Although his career was instigated by two luminaries, Sunday didn’t exactly shine brightly on the field, especially in his major league debut when he struck out four times. During his five years in Chicago, Sunday only came to bat 750 times and served mostly as a replacement for King Kelly when the Hall of Fame outfielder shifted to behind the plate. Still, he found more than enough ways to help out the team. In addition to being a competent defender as well as one of the fastest men in the National League, Sunday also developed a rapport with White Stocking’s fans, making him one of the team’s most popular players despite his limited role. Sunday also emerged as a trusted ally of Anson, who delegated to him several business responsibilities. In many ways, Sunday really was a valuable part of the White Stockings. However, his off-field experiences while in Chicago turned out to have a much more profound impact on his future.

Like now, an off day in Chicago was a ballplayer’s delight in the 1880s. Although never prone to excess, Sunday wasn’t immune to an occasional drink or game of cards, which is exactly what he found himself doing along with several teammates on a Sunday evening sometime in the mid-1880s. Soon, however, the evening of revelry was interrupted by the sound of hymns being sung by a curbside choir. Attracted to the familiar songs, which his mother used to sing, Sunday instantly had an emotional reaction and vowed to clean up his lifestyle.

I bowed my head in shame, and the tears rolled down my cheeks like rivers of water. When the song was ended, ‘Where Is My Wandering Boy Tonight?’, the leader Harry Monroe of the Pacific Garden Mission, said: ‘Come, boys, down to the mission and listen to the speaking and singing’. I arose and said: ‘Boys, good-by; I’m done with this way of living’”. – Billy Sunday, quoted in The Washington Times, May 13, 1903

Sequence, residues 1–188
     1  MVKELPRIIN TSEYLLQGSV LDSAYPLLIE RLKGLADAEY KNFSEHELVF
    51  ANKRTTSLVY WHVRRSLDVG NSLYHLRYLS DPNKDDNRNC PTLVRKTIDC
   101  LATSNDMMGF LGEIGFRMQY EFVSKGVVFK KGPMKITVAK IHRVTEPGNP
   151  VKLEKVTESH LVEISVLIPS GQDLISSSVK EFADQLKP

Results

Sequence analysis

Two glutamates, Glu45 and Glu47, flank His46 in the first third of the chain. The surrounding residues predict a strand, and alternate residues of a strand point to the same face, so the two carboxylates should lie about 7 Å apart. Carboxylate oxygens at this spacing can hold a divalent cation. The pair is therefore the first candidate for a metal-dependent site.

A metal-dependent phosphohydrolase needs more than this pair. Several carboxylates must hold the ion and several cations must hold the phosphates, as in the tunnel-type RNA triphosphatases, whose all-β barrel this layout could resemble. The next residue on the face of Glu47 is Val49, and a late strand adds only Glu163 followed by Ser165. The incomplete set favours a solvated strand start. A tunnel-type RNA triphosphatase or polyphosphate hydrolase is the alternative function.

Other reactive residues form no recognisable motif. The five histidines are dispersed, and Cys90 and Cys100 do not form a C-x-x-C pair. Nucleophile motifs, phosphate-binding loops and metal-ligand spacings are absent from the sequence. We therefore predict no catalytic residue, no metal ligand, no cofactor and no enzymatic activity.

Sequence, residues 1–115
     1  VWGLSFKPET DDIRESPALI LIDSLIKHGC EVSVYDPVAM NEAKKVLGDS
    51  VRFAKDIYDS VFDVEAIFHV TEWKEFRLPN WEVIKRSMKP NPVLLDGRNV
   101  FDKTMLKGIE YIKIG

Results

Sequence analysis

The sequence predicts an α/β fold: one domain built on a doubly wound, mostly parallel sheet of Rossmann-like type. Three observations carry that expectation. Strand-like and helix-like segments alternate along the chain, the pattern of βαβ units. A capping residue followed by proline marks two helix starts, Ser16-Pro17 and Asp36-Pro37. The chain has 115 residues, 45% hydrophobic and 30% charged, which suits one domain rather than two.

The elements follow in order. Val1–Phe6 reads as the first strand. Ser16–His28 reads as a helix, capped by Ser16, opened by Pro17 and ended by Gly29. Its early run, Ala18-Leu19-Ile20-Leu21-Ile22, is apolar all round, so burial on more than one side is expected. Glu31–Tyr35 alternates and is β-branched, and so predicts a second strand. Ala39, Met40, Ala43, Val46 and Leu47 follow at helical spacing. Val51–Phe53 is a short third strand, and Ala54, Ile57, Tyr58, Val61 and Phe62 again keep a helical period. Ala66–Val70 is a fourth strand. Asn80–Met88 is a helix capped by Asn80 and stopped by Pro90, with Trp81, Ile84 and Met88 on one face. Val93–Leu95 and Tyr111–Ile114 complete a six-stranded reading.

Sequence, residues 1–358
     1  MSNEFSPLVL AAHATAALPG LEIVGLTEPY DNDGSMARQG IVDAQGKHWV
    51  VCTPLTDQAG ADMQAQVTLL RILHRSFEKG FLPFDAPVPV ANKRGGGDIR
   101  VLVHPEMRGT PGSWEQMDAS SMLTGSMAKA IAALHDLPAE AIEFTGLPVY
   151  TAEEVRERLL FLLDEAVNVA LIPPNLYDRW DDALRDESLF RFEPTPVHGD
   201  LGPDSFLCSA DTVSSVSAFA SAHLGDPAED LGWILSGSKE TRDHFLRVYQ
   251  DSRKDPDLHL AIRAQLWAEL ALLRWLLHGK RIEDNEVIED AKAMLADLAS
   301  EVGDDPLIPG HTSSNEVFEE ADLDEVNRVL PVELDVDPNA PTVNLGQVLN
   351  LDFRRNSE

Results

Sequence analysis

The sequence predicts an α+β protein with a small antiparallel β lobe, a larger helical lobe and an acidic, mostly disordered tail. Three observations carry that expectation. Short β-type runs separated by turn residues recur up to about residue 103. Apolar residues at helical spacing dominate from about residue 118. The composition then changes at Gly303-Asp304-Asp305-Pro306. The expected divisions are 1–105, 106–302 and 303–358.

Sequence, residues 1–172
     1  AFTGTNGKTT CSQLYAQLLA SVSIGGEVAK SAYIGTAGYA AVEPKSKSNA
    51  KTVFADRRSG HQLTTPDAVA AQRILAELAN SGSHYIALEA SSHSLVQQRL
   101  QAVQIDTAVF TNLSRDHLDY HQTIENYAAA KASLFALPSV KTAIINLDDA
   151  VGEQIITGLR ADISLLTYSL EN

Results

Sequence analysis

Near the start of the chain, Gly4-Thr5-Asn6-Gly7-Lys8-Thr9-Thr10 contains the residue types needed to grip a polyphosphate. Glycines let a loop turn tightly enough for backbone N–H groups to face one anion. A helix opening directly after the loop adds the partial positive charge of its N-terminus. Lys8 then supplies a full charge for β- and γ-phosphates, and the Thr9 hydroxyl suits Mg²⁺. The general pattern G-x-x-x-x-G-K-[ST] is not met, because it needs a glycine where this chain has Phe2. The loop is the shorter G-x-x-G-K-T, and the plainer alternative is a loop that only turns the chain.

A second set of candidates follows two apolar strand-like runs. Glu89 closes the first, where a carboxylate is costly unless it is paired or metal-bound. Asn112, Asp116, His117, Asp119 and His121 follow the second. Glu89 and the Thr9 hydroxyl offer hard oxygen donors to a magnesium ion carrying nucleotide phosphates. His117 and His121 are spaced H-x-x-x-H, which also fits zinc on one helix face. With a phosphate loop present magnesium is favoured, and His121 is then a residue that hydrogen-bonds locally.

In the pulpit, Sunday was known for his fiery, homespun manner of speaking.

After weeks of attending the Pacific Garden Mission, Sunday eventually joined the Jefferson Park Presbyterian Church. When word of his conversion made news in the Chicago papers, Sunday feared the reception he would get from his hard-living teammates, saying, “I dreaded to report to practice that day for fear of ridicule”. Much to his surprise, however, his decision was met with encouragement, even from the likes of Anson and Kelly, whose sentiments were echoed throughout the team.

Following the 1887 season, Sunday was sold to Pittsburgh, where he played regularly for the first time in his career. Once again, Sunday became an instant fan favorite on the woeful Pirates, but by that time baseball had become his secondary pursuit. Toward the end of his playing career, Sunday attended Northwestern University during the offseason in preparation for a different calling. In 1890, Sunday was traded to Philadelphia, where he played out the season and then retired at the age of 27 to take a position as assistant secretary of the Chicago YMCA.

An advertisement for one of Sunday’s appearances makes reference to his baseball playing days.